And divorce can also be the freedom from a terrible or abusive marriage. It often activates great personal growth and optimization. It provides clarity about what is important and allows opportunities to apply those lessons in building a new life. Divorce can teach our children about the importance of self-reliance and self-respect. Yes, divorce can be positive.
As one who has been there and is now in a better place, I am neither pro-divorce or anti-divorce. That decision is personal and can only be made from those within the marriage.
Should You Divorce? 12 Questions to Consider
But I do know that divorce is not black and white. What starts out as the worst of times can lead to the best of times. And I also know that I never want to go through that again and so I also value marriage more than ever before.
And I also know that the majority of those dispensing divorce advice merely want the best for others. And I can’t get too irritated about that. 🙂
8 thoughts on “Three Pieces of Divorce Advice I’m Sick of Hearing”
Right on target again! Good job! ( “Divorce takes two.” No. No. No. No. Marriage takes two. Divorce only requires one.) And the last part is right on ~ “The truth is that divorce can be both terrible and wonderful.” Thanks! 🙂
Glad to hear you’re happy and being smart about your money and career. When I was married I saw that my former husband was withdrawing 500 dollars a month from our account! I was furious. He couldn’t explain what the money was for. I thought maybe drugs. My least favorite response from others was I’m sorry. Nobody died and it’s a good thing. So I had to explain how we weren’t good together blah blah blah.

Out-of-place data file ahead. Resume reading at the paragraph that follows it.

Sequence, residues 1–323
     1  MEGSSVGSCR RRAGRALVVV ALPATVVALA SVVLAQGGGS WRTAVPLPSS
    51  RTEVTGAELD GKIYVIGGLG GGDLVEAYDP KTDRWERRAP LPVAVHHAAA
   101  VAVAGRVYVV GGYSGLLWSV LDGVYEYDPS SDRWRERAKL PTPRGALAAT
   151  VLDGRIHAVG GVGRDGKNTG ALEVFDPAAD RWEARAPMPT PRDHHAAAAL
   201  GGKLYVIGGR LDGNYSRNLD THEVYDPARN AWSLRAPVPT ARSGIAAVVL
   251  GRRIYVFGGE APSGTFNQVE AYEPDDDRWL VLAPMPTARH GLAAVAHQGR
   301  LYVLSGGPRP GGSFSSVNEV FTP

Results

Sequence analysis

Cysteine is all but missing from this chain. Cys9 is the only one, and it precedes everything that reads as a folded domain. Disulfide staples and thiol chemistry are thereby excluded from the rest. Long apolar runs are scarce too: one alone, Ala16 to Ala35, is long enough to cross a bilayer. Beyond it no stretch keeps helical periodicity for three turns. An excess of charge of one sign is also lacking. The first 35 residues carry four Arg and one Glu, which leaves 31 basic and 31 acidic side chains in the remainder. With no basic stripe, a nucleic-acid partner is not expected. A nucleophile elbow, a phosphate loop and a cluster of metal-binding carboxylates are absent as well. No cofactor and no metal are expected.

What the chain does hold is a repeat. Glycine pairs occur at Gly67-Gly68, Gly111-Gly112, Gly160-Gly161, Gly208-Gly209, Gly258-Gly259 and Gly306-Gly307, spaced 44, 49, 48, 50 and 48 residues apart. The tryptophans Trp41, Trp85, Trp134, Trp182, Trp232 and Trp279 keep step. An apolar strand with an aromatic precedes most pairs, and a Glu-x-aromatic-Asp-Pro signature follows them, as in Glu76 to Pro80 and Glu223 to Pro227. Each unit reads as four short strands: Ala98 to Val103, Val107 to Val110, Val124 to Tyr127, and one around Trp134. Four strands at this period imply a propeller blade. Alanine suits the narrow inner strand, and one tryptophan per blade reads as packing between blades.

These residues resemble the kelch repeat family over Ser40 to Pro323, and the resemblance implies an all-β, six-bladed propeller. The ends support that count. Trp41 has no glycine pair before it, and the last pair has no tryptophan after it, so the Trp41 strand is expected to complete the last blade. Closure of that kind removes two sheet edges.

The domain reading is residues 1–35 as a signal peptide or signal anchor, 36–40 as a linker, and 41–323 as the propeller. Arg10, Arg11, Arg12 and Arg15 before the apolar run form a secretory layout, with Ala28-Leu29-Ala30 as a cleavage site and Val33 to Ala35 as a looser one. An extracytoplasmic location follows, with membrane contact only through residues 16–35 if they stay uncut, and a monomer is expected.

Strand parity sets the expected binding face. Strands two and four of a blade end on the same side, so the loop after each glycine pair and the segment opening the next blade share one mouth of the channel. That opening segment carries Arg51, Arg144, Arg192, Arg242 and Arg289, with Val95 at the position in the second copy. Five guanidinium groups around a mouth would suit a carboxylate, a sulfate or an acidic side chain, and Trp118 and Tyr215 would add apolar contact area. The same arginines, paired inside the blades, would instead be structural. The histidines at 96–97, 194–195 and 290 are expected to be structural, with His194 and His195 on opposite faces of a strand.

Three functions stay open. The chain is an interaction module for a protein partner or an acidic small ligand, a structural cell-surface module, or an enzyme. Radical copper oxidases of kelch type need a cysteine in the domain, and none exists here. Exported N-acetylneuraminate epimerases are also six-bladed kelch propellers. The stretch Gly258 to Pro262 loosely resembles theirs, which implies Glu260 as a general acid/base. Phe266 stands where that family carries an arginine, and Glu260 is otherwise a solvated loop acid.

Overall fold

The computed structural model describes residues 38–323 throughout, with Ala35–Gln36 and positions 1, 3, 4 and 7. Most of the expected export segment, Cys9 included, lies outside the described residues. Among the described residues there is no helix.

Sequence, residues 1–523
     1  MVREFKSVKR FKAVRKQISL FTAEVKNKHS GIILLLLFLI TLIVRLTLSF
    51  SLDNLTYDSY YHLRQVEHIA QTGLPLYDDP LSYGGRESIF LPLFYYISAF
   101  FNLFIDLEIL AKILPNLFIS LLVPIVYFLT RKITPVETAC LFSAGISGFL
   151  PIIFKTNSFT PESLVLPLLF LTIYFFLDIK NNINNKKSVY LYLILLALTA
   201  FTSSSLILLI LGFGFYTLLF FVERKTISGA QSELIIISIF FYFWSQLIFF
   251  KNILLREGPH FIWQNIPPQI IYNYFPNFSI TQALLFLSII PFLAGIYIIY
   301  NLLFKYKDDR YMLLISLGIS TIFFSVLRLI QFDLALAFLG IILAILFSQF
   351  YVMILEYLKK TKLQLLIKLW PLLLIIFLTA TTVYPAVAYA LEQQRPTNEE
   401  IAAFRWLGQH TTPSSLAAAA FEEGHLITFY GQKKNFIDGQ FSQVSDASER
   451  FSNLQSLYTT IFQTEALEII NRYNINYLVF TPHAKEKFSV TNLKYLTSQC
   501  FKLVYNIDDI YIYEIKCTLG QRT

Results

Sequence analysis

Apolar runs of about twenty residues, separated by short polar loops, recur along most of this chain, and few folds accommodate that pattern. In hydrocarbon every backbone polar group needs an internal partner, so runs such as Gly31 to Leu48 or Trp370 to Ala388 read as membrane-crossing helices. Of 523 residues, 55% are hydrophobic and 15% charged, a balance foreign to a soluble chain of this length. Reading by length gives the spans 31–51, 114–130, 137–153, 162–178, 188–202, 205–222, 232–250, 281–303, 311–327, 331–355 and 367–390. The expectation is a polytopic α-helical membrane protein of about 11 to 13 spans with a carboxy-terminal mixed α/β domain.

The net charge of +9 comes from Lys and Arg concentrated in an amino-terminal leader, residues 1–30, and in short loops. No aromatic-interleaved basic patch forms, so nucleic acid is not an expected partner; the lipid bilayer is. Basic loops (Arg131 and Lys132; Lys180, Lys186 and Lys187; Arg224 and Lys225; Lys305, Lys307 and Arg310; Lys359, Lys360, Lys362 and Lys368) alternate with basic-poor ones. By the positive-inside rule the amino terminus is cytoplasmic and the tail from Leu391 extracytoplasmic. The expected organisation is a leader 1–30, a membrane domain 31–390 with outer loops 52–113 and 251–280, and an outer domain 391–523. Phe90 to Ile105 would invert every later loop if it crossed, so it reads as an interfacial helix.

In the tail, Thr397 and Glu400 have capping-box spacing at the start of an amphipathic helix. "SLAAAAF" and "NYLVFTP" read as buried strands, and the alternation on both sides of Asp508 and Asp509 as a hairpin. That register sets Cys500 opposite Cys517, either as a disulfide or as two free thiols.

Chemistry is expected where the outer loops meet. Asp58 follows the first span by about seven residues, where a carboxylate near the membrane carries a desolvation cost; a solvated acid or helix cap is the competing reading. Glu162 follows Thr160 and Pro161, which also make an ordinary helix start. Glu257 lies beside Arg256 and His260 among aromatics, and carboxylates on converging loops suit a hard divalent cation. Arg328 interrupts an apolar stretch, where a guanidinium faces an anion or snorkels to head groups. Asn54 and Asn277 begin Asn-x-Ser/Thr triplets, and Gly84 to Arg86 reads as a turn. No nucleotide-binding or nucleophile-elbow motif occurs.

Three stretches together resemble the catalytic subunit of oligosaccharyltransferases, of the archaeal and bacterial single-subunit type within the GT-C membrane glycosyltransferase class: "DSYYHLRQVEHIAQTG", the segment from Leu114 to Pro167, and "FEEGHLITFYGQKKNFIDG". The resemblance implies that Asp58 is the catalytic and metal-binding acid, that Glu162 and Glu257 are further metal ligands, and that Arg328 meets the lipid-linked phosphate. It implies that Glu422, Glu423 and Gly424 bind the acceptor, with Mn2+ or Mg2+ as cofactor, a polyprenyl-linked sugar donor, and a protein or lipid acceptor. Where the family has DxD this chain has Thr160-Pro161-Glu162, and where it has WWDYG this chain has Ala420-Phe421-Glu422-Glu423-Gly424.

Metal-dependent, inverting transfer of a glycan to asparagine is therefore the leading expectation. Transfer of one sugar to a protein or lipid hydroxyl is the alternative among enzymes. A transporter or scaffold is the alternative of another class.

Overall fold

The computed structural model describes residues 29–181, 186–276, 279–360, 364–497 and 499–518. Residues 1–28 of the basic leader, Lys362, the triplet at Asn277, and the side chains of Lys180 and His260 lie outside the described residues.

I still wonder sometimes where my ex made the money disappear to! I’ll never really know, but it’s hard not to speculate.
Glad you discovered the withdrawals so that you could take action!
Yea, he’s a mystery. The other day I saw him and he was nursing his arm. He said it was all jacked up. I asked him what happened and he said someone bumped into him!!!! So I said how? He repeated the same thing. Really? Glad I don’t have to live with that suspicious feeling anymore. I let it drop because I don’t care anymore and I don’t have an investment in him.
Reblogged this on My New Life.
Every divorce is different, which is why people shouldn’t make blanket statements or generalizations about them.
So true. All alike in some ways and all different in others. Universal truths, but not universal advice.
And the great Leo Tolstoy comes through yet again with his opening line to Anna Karenina, “Happy families are all alike; every unhappy family is unhappy in its own way.” No wonder people keep reading that book after the first sentence.